Lake Geneva is 89 cubic kilometres http://en.wikipedia.org/wiki/Lake_Geneva - that's about 600 billion barrels. Cumulative historical production to date is over 1000 billion, maybe(!) about as much again to come.
Less than 200 cubic metres per second worldwide. That's about 1.5% of the outflow of the Mississipi.
This is for vtpeatnik and anyone else from that area

I am looking at possibly relocating to Vermont, New Hampshire, or one of the other New England states. What are the conditions like up there? Job wise and real estate wise as well as PO-wise. Thanks.

Relocate to Colorado instead. I can really use a good real-time software programmer right now.
We looked at the VT NH areas and are thinking of the Coopertown NY area,  anyone from that area here?
Another scary real estate story in Barron's

This column is by a Florida broker.  He talks about routinely seeing 40% drops in values, from recent peaks.

There are about 50,000 condos under development in the Miami area.  

Over the past 10 years, the Miami market absorbed a total of only about 25,000 condos (2,500 per year).  

The broker talks about a real estate hurricane hitting Florida and other formerly hot markets, and he talks about thousands of layoffs in real estate related businesses.


"Cracks Are Emerging' In The Housing Bubble

From Newsday in New York. "As housing boomed, real estate agents, furniture sellers, mortgage bankers, construction workers and a host of others reaped the rewards. Now cracks are emerging in those key sectors of the region's economy. Data and anecdotes alike are signaling the potential for job losses, closed offices and fewer new real estate licenses."

 "`Real estate is about a third of the economy,' when accounting for related industries, said Martin Cantor, chief economist for Sustainable Long Island. `It's going to ripple all the way through.'"

As I said, "Cut thy spending and . . . "

There are lots of things I don't understand in this world, but one is how the market can head for new highs in face of the housing, and more generally debt, bubbles.

Of course Forbes says the market "may be due for a rest" ... poor tired market.


"may be due for a rest," yeah, that's a good one.

more like, "throw your hands in the air and scream all the way down."

>There are lots of things I don't understand in this world, but one is how the market can head for new highs in face of the housing, and more generally debt, bubbles.

Despite the dow figure, its quite below its 2000 watermark, Since 2000, a number of stocks have been swapped out and the multiplier has been altered.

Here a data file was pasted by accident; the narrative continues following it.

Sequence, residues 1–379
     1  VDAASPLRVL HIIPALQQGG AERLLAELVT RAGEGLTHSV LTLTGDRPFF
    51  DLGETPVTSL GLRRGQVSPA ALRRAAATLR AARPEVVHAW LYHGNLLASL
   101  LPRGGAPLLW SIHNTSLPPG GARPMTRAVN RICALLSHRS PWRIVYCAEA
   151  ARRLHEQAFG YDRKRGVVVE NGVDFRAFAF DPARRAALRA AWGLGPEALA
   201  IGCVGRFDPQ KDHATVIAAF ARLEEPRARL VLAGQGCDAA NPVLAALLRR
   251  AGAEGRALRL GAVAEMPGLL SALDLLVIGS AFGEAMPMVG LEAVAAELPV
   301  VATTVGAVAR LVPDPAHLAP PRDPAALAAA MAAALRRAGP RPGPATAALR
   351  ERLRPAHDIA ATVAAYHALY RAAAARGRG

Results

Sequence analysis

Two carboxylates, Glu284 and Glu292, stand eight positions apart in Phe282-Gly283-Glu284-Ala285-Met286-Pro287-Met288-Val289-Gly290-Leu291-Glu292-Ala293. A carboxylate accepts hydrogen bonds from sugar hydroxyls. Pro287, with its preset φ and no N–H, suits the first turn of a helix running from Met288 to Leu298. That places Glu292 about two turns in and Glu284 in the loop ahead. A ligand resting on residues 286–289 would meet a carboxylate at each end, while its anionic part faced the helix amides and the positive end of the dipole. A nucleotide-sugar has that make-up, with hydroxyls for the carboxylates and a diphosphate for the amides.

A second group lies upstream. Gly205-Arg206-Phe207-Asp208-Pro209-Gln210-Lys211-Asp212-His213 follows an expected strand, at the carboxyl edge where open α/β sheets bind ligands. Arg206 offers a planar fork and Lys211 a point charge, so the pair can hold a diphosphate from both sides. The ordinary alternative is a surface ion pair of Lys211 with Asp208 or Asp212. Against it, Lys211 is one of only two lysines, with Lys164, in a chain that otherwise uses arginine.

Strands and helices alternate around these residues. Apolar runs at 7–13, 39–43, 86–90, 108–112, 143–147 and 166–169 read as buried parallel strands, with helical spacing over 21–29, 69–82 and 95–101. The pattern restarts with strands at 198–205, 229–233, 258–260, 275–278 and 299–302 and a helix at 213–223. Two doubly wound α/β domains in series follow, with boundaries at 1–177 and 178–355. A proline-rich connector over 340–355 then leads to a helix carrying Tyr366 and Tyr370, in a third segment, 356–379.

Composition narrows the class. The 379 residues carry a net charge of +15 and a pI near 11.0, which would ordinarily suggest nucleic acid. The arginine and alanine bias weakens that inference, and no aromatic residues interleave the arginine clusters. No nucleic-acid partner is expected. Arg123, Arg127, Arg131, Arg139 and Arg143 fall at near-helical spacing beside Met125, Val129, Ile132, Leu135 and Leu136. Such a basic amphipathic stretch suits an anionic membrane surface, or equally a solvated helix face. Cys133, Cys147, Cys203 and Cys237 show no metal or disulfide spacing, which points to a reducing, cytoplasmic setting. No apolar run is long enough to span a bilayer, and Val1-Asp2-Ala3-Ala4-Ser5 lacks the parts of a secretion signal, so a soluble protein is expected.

Its quite possible that the dow may continue to rise further as investors take note of declining oil prices and declining interest rates. Investors seeking yield have been driven towards stocks and investment yields are falling else where (bonds, commodities, real estate, etc).

From the same housingbubbleblog:

(as I said yesterday, the new guidelines are simply the sign on the wall that the cattle has been bled for all it has to offer)

Will new, stricter mortgage loan standards accelerate the downfall?

"At a time of a speculative boom in real estate, market participants find themselves in a moral dilemma: lenders cannot easily maintain their high lending standards and stay competitive when other lenders are weakening standards,' said Robert Shiller, an economics professor at Yale. `At this time, regulators of lending institutions have some of their most important work to do, and, at the same time, it is especially difficult for them to do it.'"

From Kenneth Harney. "Starting Monday, it's going to get much riskier to fib about your income when you apply for a home mortgage. That's because the Internal Revenue Service is overhauling a key income verification tool used by lenders, making it faster and easier to pull up electronically the confidential income tax information of borrowers."

"Some popular mortgage products themselves open the door to bogus assertions about income. Many lenders in recent years have offered 'stated income'" and other limited documentation mortgages aimed especially at self-employed applicants."

"But now, with the IRS promising to provide electronic transcript tax data within one to two business days in an electronic format, more lenders are likely to run income checks before closing, even on loans to applicants who are not self-employed or using stated-income programs."

The Christian Science Monitor runs a "summer series" on the housing market.

The latest installment, Risky mortgages threaten a squeeze provides an insight into where the biggest trouble looms.

Yes, "negative amortization" means your debt rises as you pay off your debt. That's a really bright future.

"We just really don't have any precedent to say, 'This is how bad it can get,' " says Rick Sharga of RealtyTrac, which follows trends in foreclosure. "The homeowner who stretched to buy a house in the first place could find himself or herself in very serious financial trouble very quickly."[..]